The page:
The court of Casablanca recently sentenced the leaders of the mass movement known as Rif Hakris to 20 years in prison. They were involved in protests which engulfed the Rif region of Morocco, and were found guilty of participating in a non-authorized protest. The charges were diverse, some of which included compromising state security, conspiracy and sabotage.
It is vital we understand the context of the protests, which centred around the city of Al Hoceima. Protests broke out just after the tragic death of Mr. Mouhssine Fikri. A local fishmonger who was crushed to death in a garbage truck after jumping in the back in protest of confiscated merchandise which was deemed illegal.
Mr. Fikri was a leading figure of the local informal fish economy. This, he managed through dubious dealings. He routinely smuggled protected species such as swordfish, which fetch very high prices from ranked restaurants and hotels in the Tangier Tetouan Hoceima region. By taking part in this dubious business, the Mr. Fikri accrued profits amounting to 7000usd. His tragic death generated immense emotions among the local community and other cities in Hoceima province. People came out in huge numbers to protest and mourn the death. Protests intensified when unemployed youth rallied to the call of one Mr. Nasser Zefzafi, to denounce the socio-economic conditions in some of the city’s suburbs.
Notably, the Moroccan Government dispatched high ranking officials in the same week of protests to the city and surrounding towns in the province to open dialogue on existing conditions and to assess the execution of development projects that had been inaugurated in 2015. The local authorities (elected through local elections and nominated by the King), including local grassroots leaders were also involved in round the clock discussions to ease the turmoil. Their efforts were in vain.
In response, the King of Morocco – who still holds substantial executive and legislative powers – ordered the head of the Audit court of the Kingdom to begin investigations over allegations of corruption and mismanagement of public office. This led to the dismissal of 5 Ministers based on concrete findings of the Audit court. As for the protests, separatist slogans were chanted as they intensified and garnered even more support from energetic, underage unemployed youth.
Efforts to thwart government efforts at sustainable development were instigated by Mr. Zefzafi. A protagonist of hate speech during the protests. Businesses were forced to shut down in solidarity with strikes and a significant number of children did not attend school for the rest of the year. In addition, police dorms in the town of Imzouren were burnt down while personnel were asleep. Protesters blocked roads to bar rescue services including fire fighters and paramedics from accessing the scene to save lives. The highlight of the disdain against the Kingdom occurred when a disappointed and angry Mr. Nasser committed a serious breach of the criminal code by stopping Friday prayers at a local mosque. This is in light of Morocco’s resilience as a model Islamic secular state. The mosques are exclusively opened for prayers unlike other MENA states.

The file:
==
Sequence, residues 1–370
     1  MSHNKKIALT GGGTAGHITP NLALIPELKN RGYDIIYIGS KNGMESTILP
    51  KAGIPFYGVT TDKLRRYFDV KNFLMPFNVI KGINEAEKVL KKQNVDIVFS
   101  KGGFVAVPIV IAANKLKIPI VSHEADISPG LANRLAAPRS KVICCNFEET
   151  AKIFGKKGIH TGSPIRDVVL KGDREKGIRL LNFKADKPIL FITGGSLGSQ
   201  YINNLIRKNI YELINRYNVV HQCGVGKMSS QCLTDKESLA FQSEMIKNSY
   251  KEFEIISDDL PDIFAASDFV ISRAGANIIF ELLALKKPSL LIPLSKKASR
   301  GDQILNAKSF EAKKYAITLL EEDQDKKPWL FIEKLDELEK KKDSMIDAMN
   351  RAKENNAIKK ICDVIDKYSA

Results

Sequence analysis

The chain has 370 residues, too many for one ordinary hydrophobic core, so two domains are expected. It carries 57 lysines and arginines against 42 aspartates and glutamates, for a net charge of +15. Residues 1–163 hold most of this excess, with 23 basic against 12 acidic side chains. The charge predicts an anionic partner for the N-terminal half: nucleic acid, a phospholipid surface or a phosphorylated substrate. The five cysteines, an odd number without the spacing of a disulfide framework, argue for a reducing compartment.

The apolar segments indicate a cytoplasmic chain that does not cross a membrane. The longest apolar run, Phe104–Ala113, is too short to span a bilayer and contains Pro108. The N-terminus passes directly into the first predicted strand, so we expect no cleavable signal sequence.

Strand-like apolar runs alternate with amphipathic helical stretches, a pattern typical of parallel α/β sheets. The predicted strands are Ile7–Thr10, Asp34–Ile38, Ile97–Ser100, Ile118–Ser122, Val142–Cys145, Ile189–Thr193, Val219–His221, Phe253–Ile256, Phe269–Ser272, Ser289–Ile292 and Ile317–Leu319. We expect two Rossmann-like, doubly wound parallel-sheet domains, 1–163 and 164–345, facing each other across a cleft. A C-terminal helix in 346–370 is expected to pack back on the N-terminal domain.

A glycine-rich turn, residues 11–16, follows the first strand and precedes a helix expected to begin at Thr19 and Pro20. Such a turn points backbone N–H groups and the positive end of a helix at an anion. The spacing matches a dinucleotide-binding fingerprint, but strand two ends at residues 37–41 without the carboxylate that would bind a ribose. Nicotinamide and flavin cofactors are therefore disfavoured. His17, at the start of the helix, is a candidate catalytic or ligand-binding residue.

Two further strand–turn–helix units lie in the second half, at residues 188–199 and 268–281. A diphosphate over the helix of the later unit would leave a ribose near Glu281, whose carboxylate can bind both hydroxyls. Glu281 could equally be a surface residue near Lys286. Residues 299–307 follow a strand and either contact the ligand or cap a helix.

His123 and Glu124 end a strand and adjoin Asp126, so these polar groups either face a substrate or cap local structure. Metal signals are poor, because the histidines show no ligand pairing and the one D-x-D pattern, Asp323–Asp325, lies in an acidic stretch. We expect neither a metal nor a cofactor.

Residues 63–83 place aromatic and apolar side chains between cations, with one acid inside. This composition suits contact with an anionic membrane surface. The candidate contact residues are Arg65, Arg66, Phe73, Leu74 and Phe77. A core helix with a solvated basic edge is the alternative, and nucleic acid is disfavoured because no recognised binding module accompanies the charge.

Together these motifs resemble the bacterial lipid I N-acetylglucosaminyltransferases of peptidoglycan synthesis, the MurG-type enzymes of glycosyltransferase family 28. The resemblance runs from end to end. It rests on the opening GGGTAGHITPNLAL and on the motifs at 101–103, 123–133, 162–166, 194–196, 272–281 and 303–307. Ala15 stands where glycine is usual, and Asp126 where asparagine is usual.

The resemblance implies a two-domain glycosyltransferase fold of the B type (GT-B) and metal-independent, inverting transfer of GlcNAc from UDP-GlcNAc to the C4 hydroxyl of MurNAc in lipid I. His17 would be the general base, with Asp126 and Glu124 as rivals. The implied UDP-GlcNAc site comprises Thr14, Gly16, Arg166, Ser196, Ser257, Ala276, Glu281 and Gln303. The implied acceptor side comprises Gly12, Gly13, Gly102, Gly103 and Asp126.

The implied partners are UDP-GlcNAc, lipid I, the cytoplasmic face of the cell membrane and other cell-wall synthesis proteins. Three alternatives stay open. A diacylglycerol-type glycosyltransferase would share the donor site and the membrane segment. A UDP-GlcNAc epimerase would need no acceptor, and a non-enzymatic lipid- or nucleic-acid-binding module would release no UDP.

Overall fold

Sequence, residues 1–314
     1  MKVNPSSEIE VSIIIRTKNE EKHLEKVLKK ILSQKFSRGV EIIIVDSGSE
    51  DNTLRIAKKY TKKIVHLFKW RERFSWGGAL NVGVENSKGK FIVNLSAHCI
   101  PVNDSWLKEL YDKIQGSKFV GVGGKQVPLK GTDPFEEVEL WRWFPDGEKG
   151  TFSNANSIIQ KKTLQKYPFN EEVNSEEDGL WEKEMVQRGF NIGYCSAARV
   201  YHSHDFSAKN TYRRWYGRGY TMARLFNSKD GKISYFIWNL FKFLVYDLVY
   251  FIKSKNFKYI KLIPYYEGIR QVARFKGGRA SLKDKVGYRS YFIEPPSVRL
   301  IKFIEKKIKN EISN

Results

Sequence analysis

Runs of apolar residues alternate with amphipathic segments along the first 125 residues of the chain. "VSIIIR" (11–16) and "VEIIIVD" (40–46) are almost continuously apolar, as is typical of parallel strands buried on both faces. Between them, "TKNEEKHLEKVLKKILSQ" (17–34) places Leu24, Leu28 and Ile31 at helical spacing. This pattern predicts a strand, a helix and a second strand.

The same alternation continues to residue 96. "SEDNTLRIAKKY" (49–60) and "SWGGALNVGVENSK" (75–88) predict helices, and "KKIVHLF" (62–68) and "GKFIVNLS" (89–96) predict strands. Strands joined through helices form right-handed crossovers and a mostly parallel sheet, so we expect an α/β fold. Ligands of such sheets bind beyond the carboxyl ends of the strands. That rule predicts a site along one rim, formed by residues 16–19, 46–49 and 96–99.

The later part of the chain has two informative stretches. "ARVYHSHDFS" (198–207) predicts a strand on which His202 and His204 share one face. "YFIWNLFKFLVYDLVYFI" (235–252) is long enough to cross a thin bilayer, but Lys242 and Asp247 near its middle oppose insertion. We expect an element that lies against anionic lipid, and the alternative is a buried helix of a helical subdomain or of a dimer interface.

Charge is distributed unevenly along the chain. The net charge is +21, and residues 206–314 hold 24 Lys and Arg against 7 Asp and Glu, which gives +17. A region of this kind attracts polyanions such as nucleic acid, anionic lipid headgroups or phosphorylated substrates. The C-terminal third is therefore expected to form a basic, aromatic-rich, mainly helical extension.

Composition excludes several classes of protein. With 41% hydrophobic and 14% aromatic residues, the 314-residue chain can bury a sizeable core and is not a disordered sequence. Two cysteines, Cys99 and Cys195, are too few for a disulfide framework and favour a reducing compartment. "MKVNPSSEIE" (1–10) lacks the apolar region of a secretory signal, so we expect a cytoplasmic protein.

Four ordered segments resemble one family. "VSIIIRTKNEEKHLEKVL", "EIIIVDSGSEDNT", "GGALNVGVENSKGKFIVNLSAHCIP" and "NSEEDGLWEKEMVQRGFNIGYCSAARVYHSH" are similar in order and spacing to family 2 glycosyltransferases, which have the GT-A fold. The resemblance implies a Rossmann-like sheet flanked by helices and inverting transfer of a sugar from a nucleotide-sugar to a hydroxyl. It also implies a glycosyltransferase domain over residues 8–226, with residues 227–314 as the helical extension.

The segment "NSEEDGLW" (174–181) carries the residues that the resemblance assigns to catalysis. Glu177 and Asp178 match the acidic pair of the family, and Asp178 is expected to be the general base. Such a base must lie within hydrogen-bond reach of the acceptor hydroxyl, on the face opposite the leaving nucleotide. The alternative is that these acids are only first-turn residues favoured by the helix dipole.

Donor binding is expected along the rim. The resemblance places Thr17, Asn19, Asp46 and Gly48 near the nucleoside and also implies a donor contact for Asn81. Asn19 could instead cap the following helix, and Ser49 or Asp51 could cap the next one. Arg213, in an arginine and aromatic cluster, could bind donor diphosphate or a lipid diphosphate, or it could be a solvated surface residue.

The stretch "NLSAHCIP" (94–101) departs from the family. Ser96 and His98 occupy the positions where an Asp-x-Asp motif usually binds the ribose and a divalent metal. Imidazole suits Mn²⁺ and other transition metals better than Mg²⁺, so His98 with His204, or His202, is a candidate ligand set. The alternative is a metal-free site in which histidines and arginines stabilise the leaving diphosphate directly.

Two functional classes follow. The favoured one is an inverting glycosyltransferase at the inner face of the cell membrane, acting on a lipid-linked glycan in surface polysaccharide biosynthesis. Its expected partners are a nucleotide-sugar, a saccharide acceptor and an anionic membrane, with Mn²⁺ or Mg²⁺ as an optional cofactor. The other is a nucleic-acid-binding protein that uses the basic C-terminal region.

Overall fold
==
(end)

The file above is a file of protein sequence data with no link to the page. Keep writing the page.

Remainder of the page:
Mr. Nasser, who was on the run for a few days, was arrested after a warrant was issued by the office of public prosecution in Al Hoceima. As reported by the media, he was transferred by helicopter, although this was never verified, to the headquarters of the National Police Brigade in Casablanca. Despite these occurrences, he was arrested and charged according to the provisions of the criminal code of Morocco.
Although these protests show that there is still a long way to go, the Kingdom of Morocco has been going through deep, trans-formative economic and social reform. I will explain more about the Rif protests and Morocco’s judiciary reform in two following articles.
Jawad Chafil is from Settat, in the North African Kingdom of Morocco, and has a decade of experience in the Asia Pacific. As the ALY North Africa coordinator, he is African and proud, and sees himself as a strong liberal, who believes in equal opportunity, individual freedoms, the acceptance of others, multiculturalism and the need for south-south cooperation. Jawad believes that Africa needs strong economies with good governance systems that will guarantee fairness and opportunity for all Africans.
Jawad is also cautious that there is a soft populist revolution sweeping around the world and this is becoming a real threat. It is time for liberals to stand up because only liberals can work to increase Africa’s prosperity to promote a liberal world.